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Progestin Based IUD and Hormonal Imbalance

The use of the Mirena, Skyla, Liletta, and Kyleena hormonal IUD supplies synthetic progestins in the gonadal area which are going to suppress the body's production of progesterone dramatically. As a result, the rest of the body begins to suffer from insufficient progesterone; thus, estrogen dominance hormonal imbalance.

Acne in part can occur when high androgen levels such as testosterone get turned into its more potent form called dihydrotestosterone or DHT, via the action of an enzyme called 5-alpha reductase. DHT then causes sebum production to increase, leading to oily skin, clogged pores, and acne. Balanced levels of progesterone act directly by inhibiting the activity of 5-alpha reductase and prevents it from converting testosterone into DHT. When progesterone levels are balanced, it results in DHT levels staying low. However, when estrogen is high, and progesterone is low, your sebaceous glands produce an enormous amount of sebum!

An extensive study in Europe looked at the most frequent reasons women chose to discontinue use of their hormonal IUD (a 20 ug/day dose IUD). At five years, 8.4% of women had abandoned the use of the IUD. Acne was the second most common reason for stopping, accounting for 2.3% of women. Therefore, although the number of women who discontinued its use due to side effects is small, 1 in 4 women who stopped using the IUD did so because of acne (read here)

It’s essential for those with acne prone skin to stay away from progestin-only contraceptives. These include the levonorgestrel IUDs, arm implants, and injections, as well as the mini-pill. These methods have been proven to exacerbate acne and should be avoided at all costs by acne-prone women seeking clear skin.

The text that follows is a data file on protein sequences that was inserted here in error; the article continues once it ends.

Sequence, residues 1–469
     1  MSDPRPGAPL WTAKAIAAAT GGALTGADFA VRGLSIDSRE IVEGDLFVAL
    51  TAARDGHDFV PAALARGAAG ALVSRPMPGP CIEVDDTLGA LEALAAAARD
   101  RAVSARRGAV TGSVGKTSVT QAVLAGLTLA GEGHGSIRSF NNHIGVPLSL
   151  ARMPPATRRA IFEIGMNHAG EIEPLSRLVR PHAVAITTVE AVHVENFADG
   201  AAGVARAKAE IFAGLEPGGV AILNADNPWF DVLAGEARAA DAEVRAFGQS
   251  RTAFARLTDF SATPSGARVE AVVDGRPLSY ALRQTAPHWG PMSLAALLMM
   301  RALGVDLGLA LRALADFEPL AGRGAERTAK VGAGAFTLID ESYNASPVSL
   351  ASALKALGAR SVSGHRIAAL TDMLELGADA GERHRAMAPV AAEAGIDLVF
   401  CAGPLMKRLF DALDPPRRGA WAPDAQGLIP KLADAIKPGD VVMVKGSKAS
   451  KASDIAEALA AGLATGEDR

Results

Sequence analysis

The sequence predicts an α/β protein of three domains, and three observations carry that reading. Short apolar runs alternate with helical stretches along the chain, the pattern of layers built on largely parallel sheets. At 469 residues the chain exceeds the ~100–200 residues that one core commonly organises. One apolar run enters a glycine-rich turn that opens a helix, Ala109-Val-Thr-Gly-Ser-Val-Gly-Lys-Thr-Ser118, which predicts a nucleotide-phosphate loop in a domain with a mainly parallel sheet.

Best birth control for women with acne-prone skin are the ones which contain a higher dose of estrogen and lower in androgen potency (during your consultation we can provide you a list of acne-safe birth control options). Let's note that acne cannot be ‘cured’ by the aforementioned hormonal birth control – it can only temporarily mask the hormonal imbalance. While the body is receiving a daily dose of estrogen from the birth control pill, the hormones are settled and regulated – but without the pill, hormones will return to their natural levels and acne can return with a vengeance. Many women find that their acne after taking birth-control pills is much harder to get rid of than the acne they had before starting the pill. The ParaGard Copper IUD is not a hormonal contraceptive, making it a neutral option.

If you are wondering whether getting a hormonal IUD inserted or starting progestin-only birth control might have a detrimental effect on your complexion, it is unlikely that you might immediately experience hormonal cystic acne upon insertion of a levonorgestrel IUD or other progestin-based birth control; in some cases, hormonal imbalances may take a few years to show.

If you are truly serious about overcoming side effects of hormonal birth control and improving your skin health, and you’re looking for something intensive, science-based, individualized and tailored to your specific situation, we would like to invite you to schedule a consultation and skin analysis with our skin care coach and get your skin back on track.

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